I was recently speaking with one of the senior executives from a leading PC organization in Canada. He was lamenting the price versus quality issue once again, which got me thinking about how this issue keeps ebbing and flowing, like the ocean’s tides, and continues to fascinate us.
It causes grief, as in the instance of this one person, and joy in others, possibly a key competitor. At different times in our careers, we will find ourselves either riding the wave, or stuck on the shore.
When two firms are in direct opposition, their products and services compete head-to-head on pricing, feature set, and service offerings. Comparing on price is a slightly easier task for the vast majority than is comparing service offerings or components. However, for those in the technological know, comparing components and features is the most popular. The difference between AMD and Intel processors is distinguishable to those selling PCs, for example. But to the average purchaser, to the chagrin of both Intel and AMD, it is a moot point.
However, one might be better suited to a client’s application, or a particular display might be better suited, or a memory or storage option might be a better selection. In the case of this conversation, we were discussing PC components, mainly memory and CPUs. But this topic is one that I see increasingly in the consumer electronic space – especially as the display screen sizes and pixel resolution increase. And as the debate between price and quality heats up, how does brand play in this discussion?
A friend of mine recently purchased a 27-inch liquid crystal display (LCD) television. In her decision-making process, she asked my opinion on some brands. I recommended a couple of companies – brands – that also have product offerings in the computer display product segment. She made her selection, and brought home her beautiful new television.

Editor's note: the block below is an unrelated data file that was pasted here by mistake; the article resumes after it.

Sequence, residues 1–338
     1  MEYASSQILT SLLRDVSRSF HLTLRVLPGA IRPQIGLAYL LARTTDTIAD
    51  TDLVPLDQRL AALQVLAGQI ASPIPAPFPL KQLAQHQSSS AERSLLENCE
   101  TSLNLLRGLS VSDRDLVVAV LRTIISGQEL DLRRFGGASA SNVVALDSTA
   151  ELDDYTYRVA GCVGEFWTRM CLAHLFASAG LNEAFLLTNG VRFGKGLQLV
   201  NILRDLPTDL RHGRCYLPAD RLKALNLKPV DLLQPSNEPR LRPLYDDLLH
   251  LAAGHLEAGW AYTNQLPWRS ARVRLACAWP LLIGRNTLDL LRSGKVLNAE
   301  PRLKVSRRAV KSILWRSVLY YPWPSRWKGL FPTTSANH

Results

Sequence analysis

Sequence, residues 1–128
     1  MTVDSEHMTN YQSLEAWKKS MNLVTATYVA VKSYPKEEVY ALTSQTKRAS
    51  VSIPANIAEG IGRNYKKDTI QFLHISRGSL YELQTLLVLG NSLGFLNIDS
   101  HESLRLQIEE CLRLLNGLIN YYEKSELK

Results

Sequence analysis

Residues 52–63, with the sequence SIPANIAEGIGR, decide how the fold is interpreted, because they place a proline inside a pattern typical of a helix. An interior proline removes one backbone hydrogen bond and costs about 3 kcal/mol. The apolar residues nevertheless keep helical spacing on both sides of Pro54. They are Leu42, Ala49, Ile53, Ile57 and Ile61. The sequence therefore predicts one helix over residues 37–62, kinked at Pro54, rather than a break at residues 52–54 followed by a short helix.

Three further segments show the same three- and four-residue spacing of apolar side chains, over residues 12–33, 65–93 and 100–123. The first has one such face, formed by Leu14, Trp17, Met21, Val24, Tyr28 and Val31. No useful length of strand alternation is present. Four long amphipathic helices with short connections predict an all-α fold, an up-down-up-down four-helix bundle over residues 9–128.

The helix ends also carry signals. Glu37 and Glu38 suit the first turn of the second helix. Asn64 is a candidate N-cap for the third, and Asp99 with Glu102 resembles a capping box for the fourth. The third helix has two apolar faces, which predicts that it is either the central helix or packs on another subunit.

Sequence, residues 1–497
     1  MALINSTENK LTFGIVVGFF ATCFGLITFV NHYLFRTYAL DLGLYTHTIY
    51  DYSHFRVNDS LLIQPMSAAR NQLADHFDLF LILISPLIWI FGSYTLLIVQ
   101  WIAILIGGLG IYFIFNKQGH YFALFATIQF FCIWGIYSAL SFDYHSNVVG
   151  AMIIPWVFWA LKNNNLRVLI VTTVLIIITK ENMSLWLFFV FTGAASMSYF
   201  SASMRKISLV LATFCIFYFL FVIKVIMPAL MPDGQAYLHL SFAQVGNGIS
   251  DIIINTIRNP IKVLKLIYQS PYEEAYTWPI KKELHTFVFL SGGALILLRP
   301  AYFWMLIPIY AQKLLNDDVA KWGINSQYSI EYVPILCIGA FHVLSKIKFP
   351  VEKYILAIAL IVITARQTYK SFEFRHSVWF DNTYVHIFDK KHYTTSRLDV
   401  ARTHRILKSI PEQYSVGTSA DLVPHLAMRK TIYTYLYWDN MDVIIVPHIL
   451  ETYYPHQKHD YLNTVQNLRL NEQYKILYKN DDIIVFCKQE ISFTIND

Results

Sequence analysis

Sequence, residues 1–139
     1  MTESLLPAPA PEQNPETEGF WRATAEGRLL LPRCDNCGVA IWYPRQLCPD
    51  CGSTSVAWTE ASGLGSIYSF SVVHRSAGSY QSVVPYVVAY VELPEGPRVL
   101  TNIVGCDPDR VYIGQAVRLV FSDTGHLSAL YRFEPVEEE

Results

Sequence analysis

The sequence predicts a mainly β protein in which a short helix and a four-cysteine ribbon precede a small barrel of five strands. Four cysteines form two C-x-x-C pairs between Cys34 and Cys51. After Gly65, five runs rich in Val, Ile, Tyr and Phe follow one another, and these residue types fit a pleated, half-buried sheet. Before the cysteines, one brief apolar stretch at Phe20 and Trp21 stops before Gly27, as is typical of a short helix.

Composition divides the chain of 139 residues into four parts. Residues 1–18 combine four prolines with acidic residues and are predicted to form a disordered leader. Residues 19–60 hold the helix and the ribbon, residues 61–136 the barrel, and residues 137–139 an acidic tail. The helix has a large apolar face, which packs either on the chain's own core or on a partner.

She selected a product from a well-respected organization. The LCD was gorgeous, I thought, until I looked at it from a side angle, and the picture quality dissipated. Then I looked at it square on, and backed up. At a certain distance, it was fine; otherwise, it wasn’t very good at ll. Now to be fair, she doesn’t look at it from the side very much. As well, she has smartly placed her furniture a strategic distance from the screen, and can enjoy the view. She sacrificed 100 per cent quality for a price reduction. Which is what we do: We will settle for something of lesser quality to stay within our budgets.
Transfer this scenario to the corporate client, who goes to their IT partner for a solution for the boardroom, or for the company lounge. These purchases, which might skate the line between consumer electronics and information technology, might be available at a big box retailer, or at a trusted IT partner organization. The trusted partner has the ability, the opportunity and the responsibility to outline the differences.
As marketers and as salespeople, the challenge lies right there, in offering products that will fit the technological demands of our customers at a price point they can afford.
However, in how many instances is quality sacrificed? Is that message properly communicated to the clients? Do they know what to expect by opting for a lesser quality product?
I’m not 100 per cent convinced that my friend fully realized the inconvenience the poor viewing angles would cause her. Even though she selected a well-respected brand, she opted for a product that was not the top of this vendor’s line. As such, the quality was compromised.
Circling back to my conversation with the senior executive at the PC organization, what I found interesting was how he was able to turn this debate into a selling opportunity for his organization. In the middle of the conflict, he saw an opportunity for growth.
And that ability, I suspect, will help propel him to further success.
Michelle Warren is a Canadian-based IT industry analyst
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